Photo-degradation of modified and non-modified wood, coated with water borne acrylic coatings during artificial light exposure
M Deka, M Tomažic, M Petric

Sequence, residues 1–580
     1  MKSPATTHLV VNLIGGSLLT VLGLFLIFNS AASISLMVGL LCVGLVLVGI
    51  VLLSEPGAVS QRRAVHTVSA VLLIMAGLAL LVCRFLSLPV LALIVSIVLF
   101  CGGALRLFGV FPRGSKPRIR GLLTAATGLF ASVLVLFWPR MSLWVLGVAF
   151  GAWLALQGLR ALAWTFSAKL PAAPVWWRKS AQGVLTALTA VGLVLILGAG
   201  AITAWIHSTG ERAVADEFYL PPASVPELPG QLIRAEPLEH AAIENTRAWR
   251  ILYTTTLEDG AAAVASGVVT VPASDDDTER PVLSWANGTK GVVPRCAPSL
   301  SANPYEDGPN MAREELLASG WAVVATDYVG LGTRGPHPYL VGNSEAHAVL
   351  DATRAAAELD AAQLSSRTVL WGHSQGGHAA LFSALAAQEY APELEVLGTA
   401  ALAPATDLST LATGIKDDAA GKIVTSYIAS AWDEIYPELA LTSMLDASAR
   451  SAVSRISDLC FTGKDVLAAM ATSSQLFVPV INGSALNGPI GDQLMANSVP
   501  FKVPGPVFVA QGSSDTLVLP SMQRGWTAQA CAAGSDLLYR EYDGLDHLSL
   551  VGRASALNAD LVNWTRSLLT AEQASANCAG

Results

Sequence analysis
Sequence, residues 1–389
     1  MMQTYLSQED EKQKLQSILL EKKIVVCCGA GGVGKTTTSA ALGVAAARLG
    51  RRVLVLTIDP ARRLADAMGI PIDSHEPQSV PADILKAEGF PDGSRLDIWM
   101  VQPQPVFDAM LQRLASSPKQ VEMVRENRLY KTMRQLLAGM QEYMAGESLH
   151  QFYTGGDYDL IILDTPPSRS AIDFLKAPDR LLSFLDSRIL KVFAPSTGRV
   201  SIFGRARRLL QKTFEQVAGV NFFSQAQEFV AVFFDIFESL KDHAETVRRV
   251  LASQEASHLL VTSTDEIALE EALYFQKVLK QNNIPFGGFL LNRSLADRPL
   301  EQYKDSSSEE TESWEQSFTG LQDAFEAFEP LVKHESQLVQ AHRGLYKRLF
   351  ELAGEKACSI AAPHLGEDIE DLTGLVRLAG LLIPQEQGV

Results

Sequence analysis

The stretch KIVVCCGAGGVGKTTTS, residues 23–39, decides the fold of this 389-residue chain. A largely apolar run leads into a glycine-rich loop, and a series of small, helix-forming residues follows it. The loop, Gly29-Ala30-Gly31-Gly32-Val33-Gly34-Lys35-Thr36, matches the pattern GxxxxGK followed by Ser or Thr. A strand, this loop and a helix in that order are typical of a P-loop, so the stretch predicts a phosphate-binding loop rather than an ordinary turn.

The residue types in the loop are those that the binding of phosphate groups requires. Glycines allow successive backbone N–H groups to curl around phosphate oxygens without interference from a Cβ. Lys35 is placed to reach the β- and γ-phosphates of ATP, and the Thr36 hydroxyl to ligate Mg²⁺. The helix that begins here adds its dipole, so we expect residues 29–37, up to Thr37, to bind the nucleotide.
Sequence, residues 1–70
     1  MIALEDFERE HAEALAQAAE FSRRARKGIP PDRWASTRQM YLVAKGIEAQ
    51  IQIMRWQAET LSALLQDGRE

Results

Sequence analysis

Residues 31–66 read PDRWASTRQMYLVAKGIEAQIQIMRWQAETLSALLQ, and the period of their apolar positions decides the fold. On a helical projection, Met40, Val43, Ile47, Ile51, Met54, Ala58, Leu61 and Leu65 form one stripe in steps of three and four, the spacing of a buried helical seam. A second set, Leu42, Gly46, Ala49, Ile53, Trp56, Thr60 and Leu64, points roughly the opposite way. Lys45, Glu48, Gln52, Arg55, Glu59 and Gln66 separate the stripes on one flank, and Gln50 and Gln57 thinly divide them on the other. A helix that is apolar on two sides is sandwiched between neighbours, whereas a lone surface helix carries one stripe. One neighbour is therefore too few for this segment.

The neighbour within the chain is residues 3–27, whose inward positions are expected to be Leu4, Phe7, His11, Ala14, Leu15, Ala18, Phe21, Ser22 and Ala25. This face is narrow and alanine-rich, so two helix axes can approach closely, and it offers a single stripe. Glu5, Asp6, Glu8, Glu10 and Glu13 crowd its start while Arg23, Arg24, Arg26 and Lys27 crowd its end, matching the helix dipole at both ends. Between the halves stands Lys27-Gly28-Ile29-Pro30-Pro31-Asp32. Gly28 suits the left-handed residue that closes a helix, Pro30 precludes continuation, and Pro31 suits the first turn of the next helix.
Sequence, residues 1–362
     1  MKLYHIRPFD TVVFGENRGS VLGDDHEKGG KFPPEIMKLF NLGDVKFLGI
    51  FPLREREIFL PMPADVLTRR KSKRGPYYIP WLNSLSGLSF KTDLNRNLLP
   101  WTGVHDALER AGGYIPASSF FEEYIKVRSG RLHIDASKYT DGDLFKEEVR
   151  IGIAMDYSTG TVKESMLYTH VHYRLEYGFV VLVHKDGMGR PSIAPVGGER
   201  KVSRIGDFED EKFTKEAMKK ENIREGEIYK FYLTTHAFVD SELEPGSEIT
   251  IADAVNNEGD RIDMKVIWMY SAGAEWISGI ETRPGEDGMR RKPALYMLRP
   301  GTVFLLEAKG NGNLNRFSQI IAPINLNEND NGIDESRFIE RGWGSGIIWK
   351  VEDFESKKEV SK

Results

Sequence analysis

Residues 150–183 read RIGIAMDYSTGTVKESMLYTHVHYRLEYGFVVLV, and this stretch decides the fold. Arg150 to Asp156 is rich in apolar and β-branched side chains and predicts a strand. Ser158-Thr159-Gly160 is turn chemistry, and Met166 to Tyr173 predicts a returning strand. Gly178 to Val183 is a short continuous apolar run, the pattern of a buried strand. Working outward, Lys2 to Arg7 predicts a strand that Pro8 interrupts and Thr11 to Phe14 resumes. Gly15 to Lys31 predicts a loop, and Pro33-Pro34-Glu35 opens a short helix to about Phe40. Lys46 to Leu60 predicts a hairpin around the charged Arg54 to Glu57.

A series of experiments were carried out to investigate photo-degradation of thermally modified (at 210oC and – 0.9 bars for two hours) and non-modified spruce wood (Picea abies L (Karst)), coated with transparent and semitransparent (with 3% pigment content) acrylic coatings during artificial UV light irradiation for 200 hours. Photo-degradation was evaluated in terms of colour changes throughout the irradiation period at an interval of 50 hours, along with IR and EPR spectroscopic study. One set of modified and non-modified woods was painted with coatings, while the other set was covered with free films made of coatings, just to simulate coated wood. The average thickness of paint-coats and dried free films at 25oC and 50% RH was 144.8?m and 143.4?m for transparent and semitransparent coating, respectively. The colour changes for both modified and non-modified wood samples without paint-coat and free film cover were comparable to that of wood samples with paint-coat and free film cover for transparent coat type, which indicated its ineffectiveness to prevent photo-degradation of wood underneath. However, the colour changes for both modified and non-modified wood samples with paint-coat and free film cover were much more lower than that of samples without paint-coat and free film cover for semitransparent coat type, which might be due to hindrance of transmission of light energy through pigment to reach the underlying wood surface. On the other hand, whole substrate-coating systems showed better photo-stability, when thermally modified wood was used as substrate. It might be due to increase in lignin stability by condensation during thermal modification process of wood substrate. However, the colour changes of coat-painted and free-film covered samples for both modified and non modified woods might be due to due colour changes of wood specimen underneath, because free films of both the coat types showed negligible colour change during UV irradiation.